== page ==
Britons and their Pasts
Start date: Mar 1, 2008,
End date: Feb 28, 2010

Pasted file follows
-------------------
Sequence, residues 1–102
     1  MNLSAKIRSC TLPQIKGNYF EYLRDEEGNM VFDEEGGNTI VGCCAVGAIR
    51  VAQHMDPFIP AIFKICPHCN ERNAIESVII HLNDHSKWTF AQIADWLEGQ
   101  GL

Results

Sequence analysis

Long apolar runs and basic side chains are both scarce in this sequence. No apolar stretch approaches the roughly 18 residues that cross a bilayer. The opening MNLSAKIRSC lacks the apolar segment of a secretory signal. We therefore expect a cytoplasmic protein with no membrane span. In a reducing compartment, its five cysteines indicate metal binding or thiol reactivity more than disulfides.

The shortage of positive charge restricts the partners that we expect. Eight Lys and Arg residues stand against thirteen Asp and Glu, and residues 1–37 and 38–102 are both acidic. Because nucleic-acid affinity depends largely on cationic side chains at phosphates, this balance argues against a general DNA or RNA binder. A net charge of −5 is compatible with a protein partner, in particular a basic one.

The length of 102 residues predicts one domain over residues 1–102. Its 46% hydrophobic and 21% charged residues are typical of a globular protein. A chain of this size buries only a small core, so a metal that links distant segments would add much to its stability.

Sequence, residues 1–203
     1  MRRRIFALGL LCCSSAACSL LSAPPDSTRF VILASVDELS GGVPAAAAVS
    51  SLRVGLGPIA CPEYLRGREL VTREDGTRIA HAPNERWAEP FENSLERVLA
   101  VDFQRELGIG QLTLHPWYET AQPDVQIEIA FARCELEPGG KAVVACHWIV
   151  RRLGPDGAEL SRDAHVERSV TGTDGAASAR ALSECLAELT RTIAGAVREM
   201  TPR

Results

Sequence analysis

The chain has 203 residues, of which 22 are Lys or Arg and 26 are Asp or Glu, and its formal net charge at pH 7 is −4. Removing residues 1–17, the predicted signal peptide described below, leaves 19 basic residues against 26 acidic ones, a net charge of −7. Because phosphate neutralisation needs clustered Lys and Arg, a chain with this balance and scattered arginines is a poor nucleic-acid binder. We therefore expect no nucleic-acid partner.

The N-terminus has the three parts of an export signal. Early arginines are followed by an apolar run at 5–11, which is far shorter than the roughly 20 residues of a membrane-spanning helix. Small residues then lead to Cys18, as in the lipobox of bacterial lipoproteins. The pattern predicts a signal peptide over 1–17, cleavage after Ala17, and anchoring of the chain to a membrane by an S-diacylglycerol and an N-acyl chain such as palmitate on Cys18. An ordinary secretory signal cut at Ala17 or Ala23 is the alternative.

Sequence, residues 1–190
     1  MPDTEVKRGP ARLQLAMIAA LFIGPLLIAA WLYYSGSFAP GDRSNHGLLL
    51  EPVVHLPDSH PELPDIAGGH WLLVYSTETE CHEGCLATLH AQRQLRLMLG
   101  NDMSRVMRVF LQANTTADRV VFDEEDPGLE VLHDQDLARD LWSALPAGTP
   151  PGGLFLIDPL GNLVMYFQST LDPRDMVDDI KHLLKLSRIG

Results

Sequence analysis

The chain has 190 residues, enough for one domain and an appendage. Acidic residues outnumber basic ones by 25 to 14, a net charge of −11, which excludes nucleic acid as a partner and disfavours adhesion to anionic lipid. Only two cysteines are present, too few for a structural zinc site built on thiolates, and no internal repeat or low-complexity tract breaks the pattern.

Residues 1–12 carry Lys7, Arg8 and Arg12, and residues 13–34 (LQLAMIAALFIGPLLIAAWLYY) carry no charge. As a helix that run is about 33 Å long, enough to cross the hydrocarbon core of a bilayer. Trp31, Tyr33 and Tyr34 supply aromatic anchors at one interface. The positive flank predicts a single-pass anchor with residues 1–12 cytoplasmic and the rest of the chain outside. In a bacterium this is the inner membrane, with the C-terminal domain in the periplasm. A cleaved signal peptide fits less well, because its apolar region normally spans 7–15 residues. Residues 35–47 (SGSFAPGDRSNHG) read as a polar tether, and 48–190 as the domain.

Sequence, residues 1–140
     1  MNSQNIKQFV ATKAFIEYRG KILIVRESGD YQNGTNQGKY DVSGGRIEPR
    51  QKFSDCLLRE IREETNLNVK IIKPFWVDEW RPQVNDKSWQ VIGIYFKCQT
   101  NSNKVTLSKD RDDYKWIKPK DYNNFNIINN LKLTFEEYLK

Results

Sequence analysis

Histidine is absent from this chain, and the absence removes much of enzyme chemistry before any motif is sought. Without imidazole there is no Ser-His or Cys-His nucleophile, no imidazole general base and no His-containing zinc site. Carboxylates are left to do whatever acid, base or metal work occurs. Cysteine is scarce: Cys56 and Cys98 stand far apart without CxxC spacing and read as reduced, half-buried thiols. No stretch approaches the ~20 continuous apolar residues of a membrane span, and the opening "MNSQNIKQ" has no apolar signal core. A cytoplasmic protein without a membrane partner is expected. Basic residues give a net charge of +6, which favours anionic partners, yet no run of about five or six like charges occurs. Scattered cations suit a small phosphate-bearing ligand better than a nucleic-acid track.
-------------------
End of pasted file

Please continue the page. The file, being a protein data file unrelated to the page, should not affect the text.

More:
"This project builds upon international research exploring the ways people connect with the past, for example through family history, hobbies or visits to museums. Based upon a series of national surveys, this previous research showed that family history and museums were identified as the most trusted forms of historical information. However, the methodologies employed in the national surveys limited the extent to which researchers could discover what information about the past participants were receiving from these trusted sources, or the uses to which this information was being put by individuals. Through a random sample of thirty-six in-depth oral history interviews, across three generational cohorts, this project will investigate the ways in which family histories, museum exhibitions and audio-visual media frame popular understandings of the past. The construction of family history in memory, and the role family narrative plays in shaping the individual’s ‘historical consciousness’ - the ways in which the past, present and future are cognitively and symbolically linked - will be a major focus of the project. In a context where history is an integral component of contemporary political debates but adults recall their alienation from history as a subject at school, the wider questions that animate this study are relevant and timely. To what extent do family counter-narratives shape historical consciousness among the population at large, and what role do these counter narratives play in contemporary political perspectives? And secondly, is it possible to build a more participatory historical culture than exists at present, one that attracts popular interest while engaging with the past in a critical and constructive way? This research is intended as a pilot project for a larger national survey and oral history of historical consciousness"
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